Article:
“Of course, business, just as life, is never a smooth curve. Failure can come as quickly, and more unexpectedly, as success. But true success is management of failure. Every time you hit a bad patch you must be able turn your fortunes around. That’s why it’s important to be always prepared for failure and build strong teams. To be a successful entrepreneur, venture capitalist or philanthropist, you must bring together people who know there will be problems, love to solve problems, and can work well as a team.” … “It reminds me not to be too proud. I celebrate failure — it can temper your character and pave the way for great achievement.” Kamran Elahian.
Kamran Elahian is a famous Silicon Valley entrepreneur. He was the founder of Cirrus Logic which is famous enough to be in the Silicon Valley Genealogy poster. The extract below lists the founders of the company, you can not read their names but they were 5 and here what the poster says: Suhal Patil (Patil Systems), Michael Hackworth (Signetics), Bill Knapp (General Instruments), M. Kei (Intel), H. Ravindra (Patil Systems) and Elahian himself (CAE Systems). Strangely, Elahian has a different list on his website — Suhas Patil, H. Ravindra, Bill Knapp, Mark Singer.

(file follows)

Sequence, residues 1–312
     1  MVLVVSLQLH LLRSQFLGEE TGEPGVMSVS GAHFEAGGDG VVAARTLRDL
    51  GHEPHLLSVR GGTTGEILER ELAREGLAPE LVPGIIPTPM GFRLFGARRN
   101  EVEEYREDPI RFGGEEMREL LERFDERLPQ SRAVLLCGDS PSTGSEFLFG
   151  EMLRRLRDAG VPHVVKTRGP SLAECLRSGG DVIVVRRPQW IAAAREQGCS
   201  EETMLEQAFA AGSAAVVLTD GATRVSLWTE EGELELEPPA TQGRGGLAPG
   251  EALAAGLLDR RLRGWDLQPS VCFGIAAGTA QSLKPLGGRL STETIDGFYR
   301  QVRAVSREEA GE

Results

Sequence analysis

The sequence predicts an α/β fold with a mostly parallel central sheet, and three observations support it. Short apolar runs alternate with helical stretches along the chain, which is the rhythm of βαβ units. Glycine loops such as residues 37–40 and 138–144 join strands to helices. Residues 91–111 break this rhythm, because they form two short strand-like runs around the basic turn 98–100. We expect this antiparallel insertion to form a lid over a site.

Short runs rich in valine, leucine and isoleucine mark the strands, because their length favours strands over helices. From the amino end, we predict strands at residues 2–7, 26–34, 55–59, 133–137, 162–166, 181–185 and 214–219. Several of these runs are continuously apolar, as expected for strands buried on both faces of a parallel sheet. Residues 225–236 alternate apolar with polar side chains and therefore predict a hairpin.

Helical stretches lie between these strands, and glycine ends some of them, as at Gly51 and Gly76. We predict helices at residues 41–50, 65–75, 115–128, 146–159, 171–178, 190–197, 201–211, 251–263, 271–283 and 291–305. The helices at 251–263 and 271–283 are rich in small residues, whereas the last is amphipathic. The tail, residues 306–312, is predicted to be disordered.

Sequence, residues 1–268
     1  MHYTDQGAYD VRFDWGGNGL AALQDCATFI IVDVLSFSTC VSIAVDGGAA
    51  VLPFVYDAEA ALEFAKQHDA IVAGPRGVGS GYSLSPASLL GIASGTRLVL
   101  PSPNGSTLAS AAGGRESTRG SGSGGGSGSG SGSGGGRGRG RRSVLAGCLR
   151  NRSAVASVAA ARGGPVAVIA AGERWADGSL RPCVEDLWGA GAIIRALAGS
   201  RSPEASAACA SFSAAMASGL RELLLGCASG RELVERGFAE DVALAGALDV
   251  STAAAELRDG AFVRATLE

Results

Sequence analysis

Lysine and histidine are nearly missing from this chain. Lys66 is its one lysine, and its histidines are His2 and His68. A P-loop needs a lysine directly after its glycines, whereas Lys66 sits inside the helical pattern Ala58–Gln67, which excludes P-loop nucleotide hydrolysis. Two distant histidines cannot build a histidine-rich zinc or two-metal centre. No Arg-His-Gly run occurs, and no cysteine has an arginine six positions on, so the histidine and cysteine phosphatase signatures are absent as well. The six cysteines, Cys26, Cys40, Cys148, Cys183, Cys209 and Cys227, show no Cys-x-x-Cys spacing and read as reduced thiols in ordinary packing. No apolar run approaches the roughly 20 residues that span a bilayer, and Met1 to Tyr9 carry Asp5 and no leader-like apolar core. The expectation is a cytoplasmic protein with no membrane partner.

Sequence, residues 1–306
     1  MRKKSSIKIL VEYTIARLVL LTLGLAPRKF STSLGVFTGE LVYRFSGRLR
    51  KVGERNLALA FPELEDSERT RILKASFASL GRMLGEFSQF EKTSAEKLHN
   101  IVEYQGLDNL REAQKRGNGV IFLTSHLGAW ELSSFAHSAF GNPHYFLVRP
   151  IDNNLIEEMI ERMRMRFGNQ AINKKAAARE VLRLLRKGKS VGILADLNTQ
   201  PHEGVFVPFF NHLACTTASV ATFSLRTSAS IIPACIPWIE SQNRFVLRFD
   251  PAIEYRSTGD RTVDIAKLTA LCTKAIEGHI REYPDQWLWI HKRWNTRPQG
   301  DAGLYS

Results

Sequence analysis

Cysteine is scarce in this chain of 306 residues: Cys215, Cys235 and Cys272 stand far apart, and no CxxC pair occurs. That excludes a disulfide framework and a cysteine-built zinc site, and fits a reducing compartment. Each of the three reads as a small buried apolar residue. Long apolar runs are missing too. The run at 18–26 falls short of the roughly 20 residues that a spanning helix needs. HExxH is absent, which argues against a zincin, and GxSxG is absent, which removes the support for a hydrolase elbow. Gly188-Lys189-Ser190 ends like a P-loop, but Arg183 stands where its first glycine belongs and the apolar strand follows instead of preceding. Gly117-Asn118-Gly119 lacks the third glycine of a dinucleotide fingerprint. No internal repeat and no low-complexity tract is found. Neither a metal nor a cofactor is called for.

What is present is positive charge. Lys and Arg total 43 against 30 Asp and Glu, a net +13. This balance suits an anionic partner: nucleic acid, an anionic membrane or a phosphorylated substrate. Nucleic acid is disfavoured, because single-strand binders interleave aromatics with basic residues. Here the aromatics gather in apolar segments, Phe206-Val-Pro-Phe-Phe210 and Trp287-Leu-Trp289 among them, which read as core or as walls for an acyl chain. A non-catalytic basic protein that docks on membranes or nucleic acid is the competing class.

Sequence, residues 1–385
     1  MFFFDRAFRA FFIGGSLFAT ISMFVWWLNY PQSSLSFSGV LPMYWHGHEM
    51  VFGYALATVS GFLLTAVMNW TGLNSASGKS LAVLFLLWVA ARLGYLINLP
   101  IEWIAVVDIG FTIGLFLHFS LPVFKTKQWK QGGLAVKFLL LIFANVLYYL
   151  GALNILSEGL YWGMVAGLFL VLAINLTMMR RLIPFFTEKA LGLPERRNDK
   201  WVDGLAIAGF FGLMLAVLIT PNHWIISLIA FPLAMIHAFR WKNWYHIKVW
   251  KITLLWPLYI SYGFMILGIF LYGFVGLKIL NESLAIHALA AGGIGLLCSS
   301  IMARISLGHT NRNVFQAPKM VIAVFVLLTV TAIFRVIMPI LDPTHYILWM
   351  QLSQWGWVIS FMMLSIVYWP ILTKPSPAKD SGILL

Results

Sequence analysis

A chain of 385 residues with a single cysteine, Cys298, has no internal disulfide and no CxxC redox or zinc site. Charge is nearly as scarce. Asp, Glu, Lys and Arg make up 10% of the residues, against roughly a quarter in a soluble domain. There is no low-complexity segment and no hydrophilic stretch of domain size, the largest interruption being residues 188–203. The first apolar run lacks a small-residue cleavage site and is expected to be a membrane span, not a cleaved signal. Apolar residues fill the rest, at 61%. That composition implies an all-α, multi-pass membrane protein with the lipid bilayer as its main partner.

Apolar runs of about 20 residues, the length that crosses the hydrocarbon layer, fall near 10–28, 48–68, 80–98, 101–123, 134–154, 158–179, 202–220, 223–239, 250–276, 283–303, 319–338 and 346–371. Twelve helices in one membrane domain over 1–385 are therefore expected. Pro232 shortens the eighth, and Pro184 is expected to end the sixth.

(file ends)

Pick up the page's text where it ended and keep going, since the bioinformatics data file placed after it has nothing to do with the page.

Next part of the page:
Nesheim in his book High Tech Start Up also mentions Cirrus as a success story and gives the cap. table at IPO. It is indeed his model I follow for my own cap. tables.
Then Elahian founded Centillium which unfortunately did not have the same end though its IPO was a great success. In 2008, the company was acquired for about $42M. So failure is followed by success and by failure again. Elahian also gives Centillium founders on his site: Shahin Hedayat, Faraj Aalaie, Babu Mandeva, Tony O’Toole.
In the same area of chips, semiconductor for telecommunications, there is a similar story: Atheros has just annouced it would be acquired by Qualcomm for about $3.1B. Atheros is a company I had studied in my book because its two founders are two Stanford professors (Theresa Meng and John Hennessy, currently Stanford president) and its CEO is Craig Barratt whom I had as a teaching assistant when I was studying in California. Who says scientists/engineers cannot be great business people?!!
But the (possible) interest of all this is that you can compare three stories, more than 20 years apart and you cann see that there are tons of similarities and the web2.0 start-ups I covered recently are not so different.
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